It may be the privations of Lent or it may be the delicious simnel cake which I ate on Mothering Sunday, but one way or another food is on my mind. Or rather the right food at the right time: the pleasure of things in their season.
The time for Hot Cross buns is now looming. I have always considered buns to be under-rated whether they are ‘penny buns’ as remembered or the seasonal variation for Good Friday (and maybe Holy Week too – no point being overly legalistic about these things!) although I hardly dare to think how much a penny bun costs these days. In the modern world Easter follows with some celebratory chocolate if we are so mindful – and we are none the worse for it.
If certain treats fit in well with the liturgical cycle and help to remind us of our place and part in the life of the Church, then the use of seasonal fruits and vegetables help to re-connect us with nature. I am not suggesting that anyone should restrict his diet to seasonal produce when other things are readily and reasonably available – sometimes all year round – but it is wise to note that the connection with nature and the seasons is easily lost. Both are an essential part of God’s creation and they help to define us as human beings. That said, I will never forget the need to preserve fresh produce which was a significant part of my childhood: apples – russets and bramleys – ranged in trays on the staging in the shed, Kilner jars full of fruit, the jam kettle simmering, carrots waiting to be lifted out of a tea chest filled with sand (including the odd rotten one!), potatoes in brown paper bags and onions hanging in strings. Much changed with the advent of the freezer, but the principle remains.
Such fruitful thoughts take me to Harvest Thanksgiving when by the grace of God the larders are full and we celebrate not just by offering gifts, but by eating together as a reminder that human beings are called into fellowship and work best in community. Beyond the harvest, at least in some parts of the country, there are soul cakes to be enjoyed on the feasts of All Saints and All Souls. These small cakes baked with raisins and spices are a little similar to shortbread and are made in honour of the departed. (Shrewsbury biscuits are a good alternative). Christmas brings its own joys and comforts in the depths of the winter before we return to Shrove Tuesday and a pancake or two.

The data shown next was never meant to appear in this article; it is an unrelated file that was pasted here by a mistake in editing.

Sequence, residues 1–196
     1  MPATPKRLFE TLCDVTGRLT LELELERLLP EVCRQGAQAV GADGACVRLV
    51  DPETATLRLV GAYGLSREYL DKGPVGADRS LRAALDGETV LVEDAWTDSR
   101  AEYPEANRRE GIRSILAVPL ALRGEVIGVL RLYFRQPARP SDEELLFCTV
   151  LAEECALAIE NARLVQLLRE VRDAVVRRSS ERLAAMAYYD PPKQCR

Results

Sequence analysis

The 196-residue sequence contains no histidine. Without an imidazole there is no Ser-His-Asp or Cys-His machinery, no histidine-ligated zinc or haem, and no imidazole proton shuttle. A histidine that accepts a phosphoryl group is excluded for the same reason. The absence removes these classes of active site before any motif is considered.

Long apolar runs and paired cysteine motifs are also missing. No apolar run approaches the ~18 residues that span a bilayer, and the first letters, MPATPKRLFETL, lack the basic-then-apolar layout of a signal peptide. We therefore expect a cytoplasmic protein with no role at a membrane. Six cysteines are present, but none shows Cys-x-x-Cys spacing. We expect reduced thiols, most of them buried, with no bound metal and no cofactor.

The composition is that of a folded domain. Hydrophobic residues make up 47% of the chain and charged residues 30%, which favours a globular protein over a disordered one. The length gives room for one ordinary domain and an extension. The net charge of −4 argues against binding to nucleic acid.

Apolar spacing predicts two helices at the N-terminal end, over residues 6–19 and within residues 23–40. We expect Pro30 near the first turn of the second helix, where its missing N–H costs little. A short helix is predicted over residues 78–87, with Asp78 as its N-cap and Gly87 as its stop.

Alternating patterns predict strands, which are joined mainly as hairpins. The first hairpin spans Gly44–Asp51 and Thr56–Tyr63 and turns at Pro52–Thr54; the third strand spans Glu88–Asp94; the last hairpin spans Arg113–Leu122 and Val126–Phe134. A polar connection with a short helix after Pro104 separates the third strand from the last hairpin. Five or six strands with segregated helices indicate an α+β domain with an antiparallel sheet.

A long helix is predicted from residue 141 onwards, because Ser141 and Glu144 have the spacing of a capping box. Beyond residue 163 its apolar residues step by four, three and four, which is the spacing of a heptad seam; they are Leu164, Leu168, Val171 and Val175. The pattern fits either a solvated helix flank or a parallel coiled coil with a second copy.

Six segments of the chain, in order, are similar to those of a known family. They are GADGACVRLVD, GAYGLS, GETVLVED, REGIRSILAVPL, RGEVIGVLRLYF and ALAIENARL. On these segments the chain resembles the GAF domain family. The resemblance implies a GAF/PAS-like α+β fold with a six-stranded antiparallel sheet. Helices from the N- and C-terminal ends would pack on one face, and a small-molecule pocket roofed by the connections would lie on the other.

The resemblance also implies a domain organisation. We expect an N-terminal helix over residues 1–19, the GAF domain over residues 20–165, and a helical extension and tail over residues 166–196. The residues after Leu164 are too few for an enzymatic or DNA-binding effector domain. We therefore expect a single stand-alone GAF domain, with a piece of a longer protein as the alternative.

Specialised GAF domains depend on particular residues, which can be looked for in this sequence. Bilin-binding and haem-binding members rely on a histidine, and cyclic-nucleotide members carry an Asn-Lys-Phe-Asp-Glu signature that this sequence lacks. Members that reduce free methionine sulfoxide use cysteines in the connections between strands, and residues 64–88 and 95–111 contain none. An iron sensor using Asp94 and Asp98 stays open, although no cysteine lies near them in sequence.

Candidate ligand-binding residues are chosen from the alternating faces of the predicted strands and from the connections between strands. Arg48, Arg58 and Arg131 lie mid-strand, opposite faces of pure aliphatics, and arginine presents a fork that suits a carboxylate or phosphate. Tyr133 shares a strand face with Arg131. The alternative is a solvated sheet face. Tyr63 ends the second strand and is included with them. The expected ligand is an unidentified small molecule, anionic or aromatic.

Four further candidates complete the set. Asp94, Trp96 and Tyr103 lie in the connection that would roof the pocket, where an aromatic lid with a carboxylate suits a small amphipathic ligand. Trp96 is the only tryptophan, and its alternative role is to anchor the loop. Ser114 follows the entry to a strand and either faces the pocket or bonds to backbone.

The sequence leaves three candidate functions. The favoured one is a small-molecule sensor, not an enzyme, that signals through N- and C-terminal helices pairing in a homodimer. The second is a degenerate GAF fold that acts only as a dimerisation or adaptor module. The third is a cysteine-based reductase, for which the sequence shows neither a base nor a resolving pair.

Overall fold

There is much grace to be found in this recognition of the seasons. Seasonal foods and other observances help to connect the life of faith with nature. By such markings we are fed both in body and in spirit and find ourselves in good company, both human and divine. So, for now, have a blessed Holy Week and a joyous Easter.
Image by John Cutting on Unsplash
Sunday 26th March, Fifth Sunday of Lent
Tuesday 28th March, 8.00pm Stations of the Cross
Wednesday 29th March, 10.00am Mass
Friday 31st March, 7.00pm Mass
Sunday 2nd April, Palm Sunday
In addition to services at 8am and 9.30am: Family Service at 11.15am
Monday in Holy Week, 12 noon Chrism Mass at Chelmsford Cathedral
Tuesday in Holy Week, 8.00pm Stations of the Cross
Wednesday in Holy Week, 10.00am Mass
8.00pm, Maundy Mass and Vigil
8.30am Morning Prayer
12 noon Devotions: ‘According to St. John’
2.00pm Liturgy of the Passion
8.30am Morning Prayer and Litany
7.00pm Easter Liturgy
9.30am Parish Mass
Wednesday in Easter Week, 10.00am Mass
Friday in Easter Week, 7.00pm Mass
Sunday 16th April, First Sunday after Easter
no mid-week services
Sunday 23rd April, Second Sunday after Easter
Wednesday 26th April, 10.00am Mass (St. Mark, Evangelist, tr.)
Friday 28th April, 7.00pm Mass
Sunday 30th April, Third Sunday after Easter
Wednesday 3rd May Mass (St. Philip and St. James, Apostles)
Friday 5th May, 7.00pm Mass
Sunday 7th May Fourth, Sunday after Easter
…with a celebration of the Coronation of King Charles III